What happens in our brain when we die: a never-before-seen recording questions researchers

Brain activity continues after cardiac arrest. Data on a dying human brain has been captured for the first time.

What do we feel when we die? What do we see? What’s going on ? The moment of death remains a mystery, but a team of scientists managed to capture a recording of a man’s brain activity just before, during and just after his death.

An unpublished recording that allows you to learn more about this passage between life and death. The researchers published the findings of their work on Frontiers in Aging Neuroscience on Tuesday, February 22, in what they call “data providing the first evidence of dying human brain in a non-experimental, real-life acute care clinical setting.”

And for them, the passage towards death would resemble a dream, in any case the data show the same physical functioning as when one dreams.

Near-death experiences justified?

There are many near-death experiences whose stories describe hallucinations, images of past life, a sight outside one’s body or even a halo of light…

But these phenomena reported by resuscitated people cannot serve as scientific evidence because they are subjective.

But that does not prevent scientists from having often studied experiments from this angle in an attempt to understand what is happening in the human brain when life leaves it.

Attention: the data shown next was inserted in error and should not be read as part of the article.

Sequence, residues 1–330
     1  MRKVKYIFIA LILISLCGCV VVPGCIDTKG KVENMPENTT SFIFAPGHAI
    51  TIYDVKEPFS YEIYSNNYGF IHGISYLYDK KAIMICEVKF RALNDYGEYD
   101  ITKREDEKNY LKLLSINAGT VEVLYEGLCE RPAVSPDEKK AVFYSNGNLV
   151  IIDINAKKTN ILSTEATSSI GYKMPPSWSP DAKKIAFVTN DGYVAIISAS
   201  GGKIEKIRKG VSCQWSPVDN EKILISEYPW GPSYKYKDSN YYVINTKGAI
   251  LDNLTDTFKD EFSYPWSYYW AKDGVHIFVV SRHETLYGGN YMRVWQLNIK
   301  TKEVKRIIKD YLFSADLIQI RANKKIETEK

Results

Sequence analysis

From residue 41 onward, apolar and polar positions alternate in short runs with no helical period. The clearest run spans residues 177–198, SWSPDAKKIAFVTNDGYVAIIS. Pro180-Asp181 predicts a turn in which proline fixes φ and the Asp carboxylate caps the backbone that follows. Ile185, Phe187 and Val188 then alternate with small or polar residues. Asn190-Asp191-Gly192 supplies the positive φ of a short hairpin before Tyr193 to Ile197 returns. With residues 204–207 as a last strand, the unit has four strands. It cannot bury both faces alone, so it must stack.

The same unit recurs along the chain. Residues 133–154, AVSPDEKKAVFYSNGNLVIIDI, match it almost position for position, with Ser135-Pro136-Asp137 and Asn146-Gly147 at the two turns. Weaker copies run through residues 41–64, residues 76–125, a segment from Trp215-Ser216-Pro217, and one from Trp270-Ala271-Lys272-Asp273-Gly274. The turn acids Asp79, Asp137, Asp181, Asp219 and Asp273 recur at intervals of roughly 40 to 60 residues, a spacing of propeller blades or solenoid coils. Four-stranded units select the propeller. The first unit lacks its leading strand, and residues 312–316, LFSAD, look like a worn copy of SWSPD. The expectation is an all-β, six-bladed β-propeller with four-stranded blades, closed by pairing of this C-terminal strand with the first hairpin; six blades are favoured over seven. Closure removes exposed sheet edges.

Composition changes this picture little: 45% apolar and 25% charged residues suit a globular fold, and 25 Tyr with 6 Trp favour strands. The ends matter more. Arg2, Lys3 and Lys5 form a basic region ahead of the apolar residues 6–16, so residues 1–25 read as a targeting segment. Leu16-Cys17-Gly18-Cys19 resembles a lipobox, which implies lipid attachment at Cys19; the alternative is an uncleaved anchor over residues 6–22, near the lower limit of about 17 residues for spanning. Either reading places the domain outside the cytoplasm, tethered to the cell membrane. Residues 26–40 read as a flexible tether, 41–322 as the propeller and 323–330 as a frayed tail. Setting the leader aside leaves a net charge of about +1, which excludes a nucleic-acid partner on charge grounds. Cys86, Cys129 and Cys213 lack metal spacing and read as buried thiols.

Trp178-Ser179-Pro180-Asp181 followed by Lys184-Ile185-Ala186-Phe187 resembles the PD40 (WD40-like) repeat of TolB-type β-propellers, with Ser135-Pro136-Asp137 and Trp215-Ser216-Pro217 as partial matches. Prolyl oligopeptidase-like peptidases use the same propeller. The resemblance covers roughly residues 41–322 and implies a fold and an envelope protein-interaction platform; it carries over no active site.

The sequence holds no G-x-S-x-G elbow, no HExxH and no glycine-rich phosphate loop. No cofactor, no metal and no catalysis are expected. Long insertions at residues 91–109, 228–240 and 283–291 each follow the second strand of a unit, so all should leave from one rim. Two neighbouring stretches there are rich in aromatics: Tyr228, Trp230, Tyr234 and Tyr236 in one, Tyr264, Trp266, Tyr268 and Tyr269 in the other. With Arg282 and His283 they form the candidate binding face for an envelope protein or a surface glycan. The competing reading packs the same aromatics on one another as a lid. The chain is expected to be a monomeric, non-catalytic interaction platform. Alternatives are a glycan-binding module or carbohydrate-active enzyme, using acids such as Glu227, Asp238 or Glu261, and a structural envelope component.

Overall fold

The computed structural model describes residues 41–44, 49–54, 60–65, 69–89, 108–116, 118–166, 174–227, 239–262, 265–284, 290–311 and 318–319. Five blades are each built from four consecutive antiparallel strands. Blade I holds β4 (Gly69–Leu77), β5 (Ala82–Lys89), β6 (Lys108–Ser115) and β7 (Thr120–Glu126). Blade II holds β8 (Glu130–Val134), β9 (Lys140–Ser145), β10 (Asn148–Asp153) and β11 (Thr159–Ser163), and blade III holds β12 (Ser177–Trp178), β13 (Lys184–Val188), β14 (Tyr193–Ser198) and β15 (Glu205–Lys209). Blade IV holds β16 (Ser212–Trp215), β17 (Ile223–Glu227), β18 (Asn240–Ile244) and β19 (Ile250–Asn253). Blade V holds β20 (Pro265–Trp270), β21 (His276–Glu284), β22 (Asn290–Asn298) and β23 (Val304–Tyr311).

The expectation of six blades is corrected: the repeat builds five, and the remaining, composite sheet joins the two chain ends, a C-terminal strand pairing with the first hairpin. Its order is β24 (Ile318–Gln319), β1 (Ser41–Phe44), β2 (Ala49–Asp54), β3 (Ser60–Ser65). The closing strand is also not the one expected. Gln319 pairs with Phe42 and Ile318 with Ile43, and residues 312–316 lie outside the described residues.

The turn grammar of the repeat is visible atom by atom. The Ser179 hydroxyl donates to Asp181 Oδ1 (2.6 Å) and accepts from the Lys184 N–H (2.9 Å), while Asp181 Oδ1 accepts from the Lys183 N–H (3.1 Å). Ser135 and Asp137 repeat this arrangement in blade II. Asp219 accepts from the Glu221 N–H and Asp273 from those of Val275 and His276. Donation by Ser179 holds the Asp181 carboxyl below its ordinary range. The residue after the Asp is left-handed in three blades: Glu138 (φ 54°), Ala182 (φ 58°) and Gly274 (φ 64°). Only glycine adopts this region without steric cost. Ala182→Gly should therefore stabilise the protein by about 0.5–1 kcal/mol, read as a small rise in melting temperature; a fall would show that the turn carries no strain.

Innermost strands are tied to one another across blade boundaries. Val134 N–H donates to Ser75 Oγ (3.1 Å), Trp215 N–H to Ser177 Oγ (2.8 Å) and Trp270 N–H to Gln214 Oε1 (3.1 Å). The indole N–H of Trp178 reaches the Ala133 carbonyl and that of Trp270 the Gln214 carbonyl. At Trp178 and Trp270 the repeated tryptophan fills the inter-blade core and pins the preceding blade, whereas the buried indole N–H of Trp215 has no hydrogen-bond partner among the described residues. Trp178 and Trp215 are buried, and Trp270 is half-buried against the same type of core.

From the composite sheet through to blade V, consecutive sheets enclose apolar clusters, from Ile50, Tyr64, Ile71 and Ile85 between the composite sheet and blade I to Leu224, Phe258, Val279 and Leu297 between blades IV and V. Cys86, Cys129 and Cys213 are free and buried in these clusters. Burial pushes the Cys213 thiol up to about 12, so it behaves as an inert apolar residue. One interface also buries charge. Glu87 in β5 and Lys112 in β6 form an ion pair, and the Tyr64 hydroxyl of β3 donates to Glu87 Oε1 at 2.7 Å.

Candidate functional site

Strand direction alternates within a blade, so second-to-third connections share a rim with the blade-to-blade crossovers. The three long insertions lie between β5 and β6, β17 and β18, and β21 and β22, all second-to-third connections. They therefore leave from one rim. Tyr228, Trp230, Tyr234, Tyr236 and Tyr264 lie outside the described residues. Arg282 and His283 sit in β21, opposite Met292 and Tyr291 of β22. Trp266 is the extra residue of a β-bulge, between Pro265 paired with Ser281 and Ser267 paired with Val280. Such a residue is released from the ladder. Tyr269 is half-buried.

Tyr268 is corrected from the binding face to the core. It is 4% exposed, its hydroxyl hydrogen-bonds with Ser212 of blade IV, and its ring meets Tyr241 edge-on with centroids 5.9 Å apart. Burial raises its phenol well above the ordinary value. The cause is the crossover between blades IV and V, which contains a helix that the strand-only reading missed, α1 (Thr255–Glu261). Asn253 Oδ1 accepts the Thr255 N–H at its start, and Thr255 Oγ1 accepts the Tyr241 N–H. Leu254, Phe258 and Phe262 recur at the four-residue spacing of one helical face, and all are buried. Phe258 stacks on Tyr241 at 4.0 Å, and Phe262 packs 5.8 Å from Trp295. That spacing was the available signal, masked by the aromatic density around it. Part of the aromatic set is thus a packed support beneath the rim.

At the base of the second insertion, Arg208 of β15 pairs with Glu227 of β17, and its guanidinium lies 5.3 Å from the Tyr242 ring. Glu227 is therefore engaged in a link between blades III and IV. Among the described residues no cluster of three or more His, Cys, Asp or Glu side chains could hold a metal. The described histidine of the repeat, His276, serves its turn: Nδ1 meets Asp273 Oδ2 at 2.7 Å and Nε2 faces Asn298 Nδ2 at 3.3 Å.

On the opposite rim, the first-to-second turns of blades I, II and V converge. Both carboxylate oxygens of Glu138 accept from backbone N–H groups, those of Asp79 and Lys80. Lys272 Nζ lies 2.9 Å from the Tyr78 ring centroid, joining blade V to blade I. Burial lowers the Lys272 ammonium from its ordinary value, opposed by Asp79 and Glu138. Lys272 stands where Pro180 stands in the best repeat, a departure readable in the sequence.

The researchers say it themselves: “The neurophysiological signature of this phenomenon is unclear. It is hypothesized that the brain may generate memory replay in this ‘unconscious’ phase with increased oscillatory activity .”

Experiments on rodents

Experimental studies have been carried out on rodents and demonstrate brain activity even before death and after death.

As if the brain was preparing for death and continuing to function right after, even when the blood stops circulating, as Futura Sciences reports.

The electroencephalogram accidentally records the death of a man

But so far the experiments could not be done only on rodents. But a recording due to chance and taken during the death of a man reinforces the work on rodents.

Indeed, an 87-year-old man, hospitalized in emergency after a fall was placed after surgery under an electroencephalogram because he had developed epileptic seizures following his operation.

The American neuroscientists from Louisville who report the case, explain that the man is died of a heart attack suddenly while plugged in.

As a result, his brain activity could be recorded a few minutes before his death, during and a few minutes after his death.

the first recording of brain activity at the time of death could thus be carried out on a human being.

The 15 minutes surrounding death could be studied and it turns out that 30 seconds before death and 30 seconds after heart failure, Gamma brain waves are significantly active.

Exactly like when we dreamthat we remember memories or that we meditate.

A result to put into perspective

Tremendous insight for scientists into what happens in the brain at the time of death that confirms rodent tests.

However, this is an isolated case. In addition, the patient presented with seizure disorders, which may distort the results.

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